The fragmentation of the U.S.-led and Western-dominated world order and the rise in global geopolitical competition have put Europe’s security in an increasingly vulnerable position.
As the European Union comes to terms with a changing strategic environment, it needs to do more to provide for its own defense and security. This includes better and deeper EU-NATO coordination but also the participation of non-EU members in projects and processes initiated within EU structures.
Europe has to contend with an increasingly assertive Russia, rising Chinese assertiveness, spiraling conflict and violence to its south in Syria, Libya in the Sahel region, the unraveling of nuclear arms control treaties and the questioning of U.S. leadership on the global stage.
The COVID-19 pandemic has also highlighted new, perhaps less obvious dimensions in the notion of security and showed that strategic autonomy should be more broadly defined to include strict security, science, economic system sustainability and models of society.
Recently, the EU wanted to confirm its position by defining the terms of its geopolitical goals and ambitions for strategic autonomy. However, in order to emerge as a global leader and achieve this autonomy, it will need to think harder about its control over critical infrastructure and supply chains, build up its internal resilience, balance social and economic recovery from the pandemic and overcome internal division.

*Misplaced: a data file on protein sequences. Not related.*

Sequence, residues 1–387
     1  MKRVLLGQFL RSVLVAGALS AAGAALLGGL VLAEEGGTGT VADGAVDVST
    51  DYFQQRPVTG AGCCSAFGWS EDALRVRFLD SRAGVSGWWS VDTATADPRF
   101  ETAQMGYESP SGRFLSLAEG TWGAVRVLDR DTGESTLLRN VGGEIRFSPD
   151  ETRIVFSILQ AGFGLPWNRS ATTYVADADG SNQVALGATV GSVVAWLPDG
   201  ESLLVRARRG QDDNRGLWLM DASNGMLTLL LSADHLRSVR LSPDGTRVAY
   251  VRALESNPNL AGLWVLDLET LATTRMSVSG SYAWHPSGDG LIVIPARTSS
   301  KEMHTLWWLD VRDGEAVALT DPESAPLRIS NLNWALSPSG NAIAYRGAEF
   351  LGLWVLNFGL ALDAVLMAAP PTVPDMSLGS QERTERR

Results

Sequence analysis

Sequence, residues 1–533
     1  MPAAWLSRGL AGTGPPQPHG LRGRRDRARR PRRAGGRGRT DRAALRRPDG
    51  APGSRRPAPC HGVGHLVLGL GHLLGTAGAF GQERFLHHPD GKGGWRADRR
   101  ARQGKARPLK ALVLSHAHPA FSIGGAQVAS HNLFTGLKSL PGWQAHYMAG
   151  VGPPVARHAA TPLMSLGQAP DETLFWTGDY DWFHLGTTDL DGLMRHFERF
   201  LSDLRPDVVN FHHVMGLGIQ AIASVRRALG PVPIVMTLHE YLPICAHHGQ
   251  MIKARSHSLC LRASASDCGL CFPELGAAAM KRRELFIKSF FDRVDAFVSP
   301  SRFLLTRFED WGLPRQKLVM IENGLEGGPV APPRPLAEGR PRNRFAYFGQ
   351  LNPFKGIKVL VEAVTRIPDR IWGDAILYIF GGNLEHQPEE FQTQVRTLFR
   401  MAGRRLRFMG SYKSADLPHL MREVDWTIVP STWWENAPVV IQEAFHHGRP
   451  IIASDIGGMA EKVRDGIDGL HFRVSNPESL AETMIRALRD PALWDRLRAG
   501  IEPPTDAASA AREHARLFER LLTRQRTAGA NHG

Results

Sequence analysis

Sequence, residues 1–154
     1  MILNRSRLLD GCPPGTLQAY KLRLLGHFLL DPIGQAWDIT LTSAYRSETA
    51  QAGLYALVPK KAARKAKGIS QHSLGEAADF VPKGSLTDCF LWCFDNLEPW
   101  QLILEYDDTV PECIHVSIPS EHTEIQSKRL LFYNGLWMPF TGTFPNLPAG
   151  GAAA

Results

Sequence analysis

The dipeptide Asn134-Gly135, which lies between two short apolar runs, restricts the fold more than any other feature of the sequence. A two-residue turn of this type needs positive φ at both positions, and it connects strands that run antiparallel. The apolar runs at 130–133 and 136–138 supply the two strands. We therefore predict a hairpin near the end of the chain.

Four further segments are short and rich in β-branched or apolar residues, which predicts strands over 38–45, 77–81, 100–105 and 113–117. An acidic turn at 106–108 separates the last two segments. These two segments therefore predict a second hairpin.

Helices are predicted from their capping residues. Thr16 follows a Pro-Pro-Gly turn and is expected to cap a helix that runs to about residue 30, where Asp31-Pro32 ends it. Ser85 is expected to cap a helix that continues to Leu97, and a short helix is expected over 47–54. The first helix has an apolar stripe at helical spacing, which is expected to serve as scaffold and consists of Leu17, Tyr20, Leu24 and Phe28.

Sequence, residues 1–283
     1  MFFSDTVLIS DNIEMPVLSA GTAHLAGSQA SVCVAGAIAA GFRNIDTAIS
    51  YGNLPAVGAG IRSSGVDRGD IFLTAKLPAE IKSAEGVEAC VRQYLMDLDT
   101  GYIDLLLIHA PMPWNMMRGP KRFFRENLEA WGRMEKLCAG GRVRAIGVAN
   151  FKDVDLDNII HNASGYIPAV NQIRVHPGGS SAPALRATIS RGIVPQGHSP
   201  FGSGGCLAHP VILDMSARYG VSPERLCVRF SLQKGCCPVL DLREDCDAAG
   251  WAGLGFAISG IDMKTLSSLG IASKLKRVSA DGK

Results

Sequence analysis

As the EU pursues strategic autonomy, it finds itself in the middle of complex geopolitical rivalries. The U.S. and Europe have many common values and interests but increasingly complicated outlooks and approaches, especially when it comes to the multilateral order.
The relationship is at a critical juncture. Should they reaffirm or reassess trans-Atlantic defense cooperation or how the post-election political environment impacts the U.S. response to current challenges, and whether it decides to go it alone or cooperate with its European and NATO allies? And how will this shape the future security and defense landscape? Could it deeply impact multilateral relations?
The EU and NATO member states are slowly waking up to the new reality that there will be no business as usual. It is hard to dispute the extensive progress the EU and NATO have made in deepening their cooperation.
However, the direction in which the relationship should head is far from being decided. Some argue that there is a need for NATO to Europeanize as a result of the EU’s increasing strategic autonomy.
In contrast, others see the feasibility of a division of labor between the two, one that could eventually lead to an EU-U.S. alliance in lieu of NATO. Others, meanwhile, argue for a U.S. withdrawal from NATO and for leaving European security to the Europeans.
As members of the European Parliament, we will have to make important decisions that will make one or the other of these options a reality.
*Former minister of EU Affairs in Poland, member of the European Parliament
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